These inverters aren't designed for hard-wiring, obviously. They don't meet code for a fixed installation either. That aside, you need to remove both GFCI outlets and the N-G bonds within each inverter (as there is probably such a bond in the service panel already).

    I don't know why you are doing this as you have grid power already and I have to caution that there are many potential problems with trying to replace the utility power with two small inverters.

    If you are looking for back-up power, isolate only those circuits you need it on using a sub-panel and make the grid to inverter change there. Don't try to energize the whole house.

    Thanks for the advice. Actually my "home" is a trawler I am living and traveling on; the only time I am on the grid is when I am docked which isn't too often. I have an 18 battery deep-cycle bank and most all of my energy comes from four large solar panels I have over the fly bridge; a diesel generator provides emergency power. Unfortunately the way the boat is wired it would be difficult to separate the neutrals so removing the GFCI's from the ProSine's is the best solution. One last question though, why do I need to remove the N-G connection in the ProSine's? Wouldn't it just become a redundant connection if my panel also has a N-G termination?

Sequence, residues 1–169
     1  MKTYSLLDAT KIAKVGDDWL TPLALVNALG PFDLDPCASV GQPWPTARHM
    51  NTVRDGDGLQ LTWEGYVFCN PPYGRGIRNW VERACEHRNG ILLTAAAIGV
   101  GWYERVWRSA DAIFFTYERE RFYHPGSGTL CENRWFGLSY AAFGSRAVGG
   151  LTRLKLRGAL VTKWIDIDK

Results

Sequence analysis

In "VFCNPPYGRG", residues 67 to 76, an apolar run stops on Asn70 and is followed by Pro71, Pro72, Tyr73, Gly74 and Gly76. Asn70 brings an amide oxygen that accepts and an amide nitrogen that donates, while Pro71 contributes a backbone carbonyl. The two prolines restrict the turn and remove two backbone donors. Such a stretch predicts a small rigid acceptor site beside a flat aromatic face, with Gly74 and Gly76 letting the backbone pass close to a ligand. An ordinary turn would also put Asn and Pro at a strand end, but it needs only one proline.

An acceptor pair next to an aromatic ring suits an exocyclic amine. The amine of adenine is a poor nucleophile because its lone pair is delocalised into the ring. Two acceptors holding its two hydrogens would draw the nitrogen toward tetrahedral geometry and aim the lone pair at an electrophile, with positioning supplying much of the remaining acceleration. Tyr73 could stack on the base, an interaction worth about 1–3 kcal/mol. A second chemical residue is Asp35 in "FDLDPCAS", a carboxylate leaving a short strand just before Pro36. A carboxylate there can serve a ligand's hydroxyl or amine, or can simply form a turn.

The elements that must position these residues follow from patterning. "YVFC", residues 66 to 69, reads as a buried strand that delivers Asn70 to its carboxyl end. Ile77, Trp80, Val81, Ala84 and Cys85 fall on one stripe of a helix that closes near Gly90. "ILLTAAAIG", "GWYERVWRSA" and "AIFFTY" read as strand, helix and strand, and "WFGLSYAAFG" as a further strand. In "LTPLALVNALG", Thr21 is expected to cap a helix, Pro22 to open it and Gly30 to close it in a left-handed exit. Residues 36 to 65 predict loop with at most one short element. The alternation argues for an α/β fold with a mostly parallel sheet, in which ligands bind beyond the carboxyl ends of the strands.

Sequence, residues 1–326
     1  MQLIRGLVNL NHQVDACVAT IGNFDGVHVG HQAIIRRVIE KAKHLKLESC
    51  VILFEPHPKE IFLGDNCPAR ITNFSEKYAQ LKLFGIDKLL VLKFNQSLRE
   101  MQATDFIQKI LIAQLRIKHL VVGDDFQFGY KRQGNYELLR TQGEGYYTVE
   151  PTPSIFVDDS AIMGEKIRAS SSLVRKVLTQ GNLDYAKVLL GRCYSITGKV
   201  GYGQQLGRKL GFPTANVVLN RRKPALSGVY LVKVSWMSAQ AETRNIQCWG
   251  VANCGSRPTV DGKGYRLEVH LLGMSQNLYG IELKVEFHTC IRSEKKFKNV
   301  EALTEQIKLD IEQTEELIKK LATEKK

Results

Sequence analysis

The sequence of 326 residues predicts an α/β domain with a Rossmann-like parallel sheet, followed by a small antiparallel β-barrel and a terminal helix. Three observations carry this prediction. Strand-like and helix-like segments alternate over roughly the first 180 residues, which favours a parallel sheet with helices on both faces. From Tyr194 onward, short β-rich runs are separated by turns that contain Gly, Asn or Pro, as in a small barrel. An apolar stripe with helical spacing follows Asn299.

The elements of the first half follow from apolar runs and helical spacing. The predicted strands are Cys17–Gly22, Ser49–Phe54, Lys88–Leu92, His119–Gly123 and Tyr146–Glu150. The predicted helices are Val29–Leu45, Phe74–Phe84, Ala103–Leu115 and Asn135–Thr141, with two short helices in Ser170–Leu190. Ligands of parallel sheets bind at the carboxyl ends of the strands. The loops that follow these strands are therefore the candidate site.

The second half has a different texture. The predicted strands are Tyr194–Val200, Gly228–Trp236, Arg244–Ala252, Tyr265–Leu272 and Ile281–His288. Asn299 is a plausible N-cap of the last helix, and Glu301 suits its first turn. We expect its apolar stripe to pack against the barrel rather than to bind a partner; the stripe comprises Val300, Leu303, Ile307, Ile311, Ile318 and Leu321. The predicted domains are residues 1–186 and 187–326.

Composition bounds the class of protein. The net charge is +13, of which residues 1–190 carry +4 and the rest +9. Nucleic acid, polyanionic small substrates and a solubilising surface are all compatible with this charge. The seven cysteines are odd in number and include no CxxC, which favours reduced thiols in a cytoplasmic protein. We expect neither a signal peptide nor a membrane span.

• Joe_BJoe_B Solar Expert Posts: 318 ✭✭✭✭✭✭
    Re: Using two ProSine 1800 inverters - can a neutral be shared?

    I believe that some of the higher end prosine inverters had a sync jack that allowed them to be synchronized with each other. This will make the slave inverter always be 180 degrees out of phase with the master.
  • PhotowhitPhotowhit Solar Expert Posts: 5,806 ✭✭✭✭✭
    Re: Using two ProSine 1800 inverters - can a neutral be shared?
    NorthGuy wrote: »
    A very simple solution is to simply remove one of the hot legs, and put a jumper in, so that all the loads are powered from a single leg...

    This would limit him to using only one inverter.